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The effects of global warming are palpable. Heat and cold waves are now more frequent and more extreme. Naturally, we want to feel comfortable and would instinctively rely on air conditioners and radiators to warm up or cool down the spaces we are in. Unfortunately, using them contribute to global warming and force us deeper into a vicious cycle.

What if we could change our perception of the temperature around us, rather than alter the temperature of our environment?

Thermaphones is a pair of headphones with temperature-changing ear buds* that can be adjusted based on the environment we are in and our thermal comfort(1); Ear buds remain cool in hot, humid spaces and warm in cold places. This is empowered by 2 integrated Peltier chips, which precisely control temperatures between 25° and 38°C. Temperatures would fluctuate around a fixed point (e.g. 25° to 28°) and never remain constant for prolonged periods to ensure that sensation is pronounced and more importantly, avoid vertigo(2). Now, people can enjoy good music in great comfort even if we commute in hot, humid train carriages or work in freezing cold office spaces.

*Thermaphones is currently a work-in-progress prototype and hence ear buds are currently made in metal. They would eventually be moulded in a modified polyethylene(3) which conducts and transfers heat; this polymer is developed by a team of researchers at MIT.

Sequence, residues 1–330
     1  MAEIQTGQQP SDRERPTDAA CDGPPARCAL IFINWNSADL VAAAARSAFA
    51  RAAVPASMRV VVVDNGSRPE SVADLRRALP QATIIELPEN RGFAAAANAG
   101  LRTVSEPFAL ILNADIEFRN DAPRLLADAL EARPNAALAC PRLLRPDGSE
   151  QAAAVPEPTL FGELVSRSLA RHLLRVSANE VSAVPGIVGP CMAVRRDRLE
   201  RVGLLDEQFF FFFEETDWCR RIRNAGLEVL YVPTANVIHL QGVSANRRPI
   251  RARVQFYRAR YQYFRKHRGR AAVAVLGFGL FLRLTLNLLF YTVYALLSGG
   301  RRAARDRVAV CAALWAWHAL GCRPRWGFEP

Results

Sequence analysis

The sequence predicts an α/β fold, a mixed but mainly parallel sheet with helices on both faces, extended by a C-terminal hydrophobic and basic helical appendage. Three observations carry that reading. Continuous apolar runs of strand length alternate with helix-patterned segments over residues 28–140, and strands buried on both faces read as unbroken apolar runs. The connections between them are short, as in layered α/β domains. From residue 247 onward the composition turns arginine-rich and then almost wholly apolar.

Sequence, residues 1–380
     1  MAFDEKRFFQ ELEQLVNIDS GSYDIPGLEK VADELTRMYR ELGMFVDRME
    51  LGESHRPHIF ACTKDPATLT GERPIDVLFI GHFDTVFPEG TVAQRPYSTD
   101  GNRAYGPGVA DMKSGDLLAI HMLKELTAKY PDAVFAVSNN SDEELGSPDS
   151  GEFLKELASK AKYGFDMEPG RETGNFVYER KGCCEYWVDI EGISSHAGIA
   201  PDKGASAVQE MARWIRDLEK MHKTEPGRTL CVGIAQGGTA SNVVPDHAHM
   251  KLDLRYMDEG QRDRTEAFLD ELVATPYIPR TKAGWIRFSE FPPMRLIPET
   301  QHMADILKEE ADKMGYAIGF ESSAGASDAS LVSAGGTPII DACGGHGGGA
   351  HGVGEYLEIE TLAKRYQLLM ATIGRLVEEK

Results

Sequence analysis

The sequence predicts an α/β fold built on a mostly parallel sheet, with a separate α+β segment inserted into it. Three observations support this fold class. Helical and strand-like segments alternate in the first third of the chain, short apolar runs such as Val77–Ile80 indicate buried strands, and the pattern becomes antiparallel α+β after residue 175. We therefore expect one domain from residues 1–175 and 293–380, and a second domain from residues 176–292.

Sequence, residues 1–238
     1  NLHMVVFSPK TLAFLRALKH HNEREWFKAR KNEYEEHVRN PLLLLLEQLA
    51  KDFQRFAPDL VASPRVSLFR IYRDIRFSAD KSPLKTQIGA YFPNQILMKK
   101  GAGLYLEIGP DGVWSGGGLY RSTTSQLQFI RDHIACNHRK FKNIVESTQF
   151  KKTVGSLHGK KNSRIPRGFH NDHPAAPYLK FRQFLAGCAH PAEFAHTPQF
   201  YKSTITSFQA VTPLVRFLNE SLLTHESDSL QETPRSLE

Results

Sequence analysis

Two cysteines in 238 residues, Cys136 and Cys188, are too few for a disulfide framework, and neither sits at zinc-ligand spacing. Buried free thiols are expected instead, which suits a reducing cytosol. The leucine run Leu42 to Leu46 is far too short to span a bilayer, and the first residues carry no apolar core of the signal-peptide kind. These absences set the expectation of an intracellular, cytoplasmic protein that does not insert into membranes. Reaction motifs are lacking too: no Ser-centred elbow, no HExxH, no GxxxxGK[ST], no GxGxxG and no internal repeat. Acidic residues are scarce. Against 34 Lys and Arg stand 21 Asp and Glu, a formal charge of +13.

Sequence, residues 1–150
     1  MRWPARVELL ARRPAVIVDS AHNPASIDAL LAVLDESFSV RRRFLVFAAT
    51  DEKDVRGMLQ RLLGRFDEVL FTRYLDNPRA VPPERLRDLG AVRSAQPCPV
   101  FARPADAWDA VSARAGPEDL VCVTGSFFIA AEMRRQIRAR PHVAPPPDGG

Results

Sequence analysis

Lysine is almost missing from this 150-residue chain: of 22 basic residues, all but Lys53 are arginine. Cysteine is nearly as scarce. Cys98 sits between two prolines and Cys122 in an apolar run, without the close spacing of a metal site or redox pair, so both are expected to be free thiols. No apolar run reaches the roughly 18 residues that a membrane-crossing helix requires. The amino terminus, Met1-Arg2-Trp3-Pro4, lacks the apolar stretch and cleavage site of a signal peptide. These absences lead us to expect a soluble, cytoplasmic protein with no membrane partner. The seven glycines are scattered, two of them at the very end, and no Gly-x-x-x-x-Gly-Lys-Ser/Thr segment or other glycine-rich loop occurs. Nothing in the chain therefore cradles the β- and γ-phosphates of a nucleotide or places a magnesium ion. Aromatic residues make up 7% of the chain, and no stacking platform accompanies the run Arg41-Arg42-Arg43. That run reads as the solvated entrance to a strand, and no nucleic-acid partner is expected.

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(1) Condition of mind which expresses satisfaction with the thermal environment, i.e. the condition when someone is not feeling either too hot or too cold.

(2) Vertigo is a sensation of feeling off balance and can be caused by temperature changes.



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  • Name:
    Kevin Chiam
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  • Kevin is inspired by:
    Design can be perceived as an open conversation not just between people, but also our environment. Hence, common sense, driven by logic, sensitivity and empathy, is crucial and often a cornerstone for a fruitful dialogue.
    Though trained as an industrial designer, I am essentially a curious explorer at heart. Hence, he observes, question and tinker with the rituals we perform - from mundane tasks to the culturally exotic. This inquisitive nature has led me to pursue a double master’s programme in Innovation Design Engineering at the Royal College of Art and Imperial College London.
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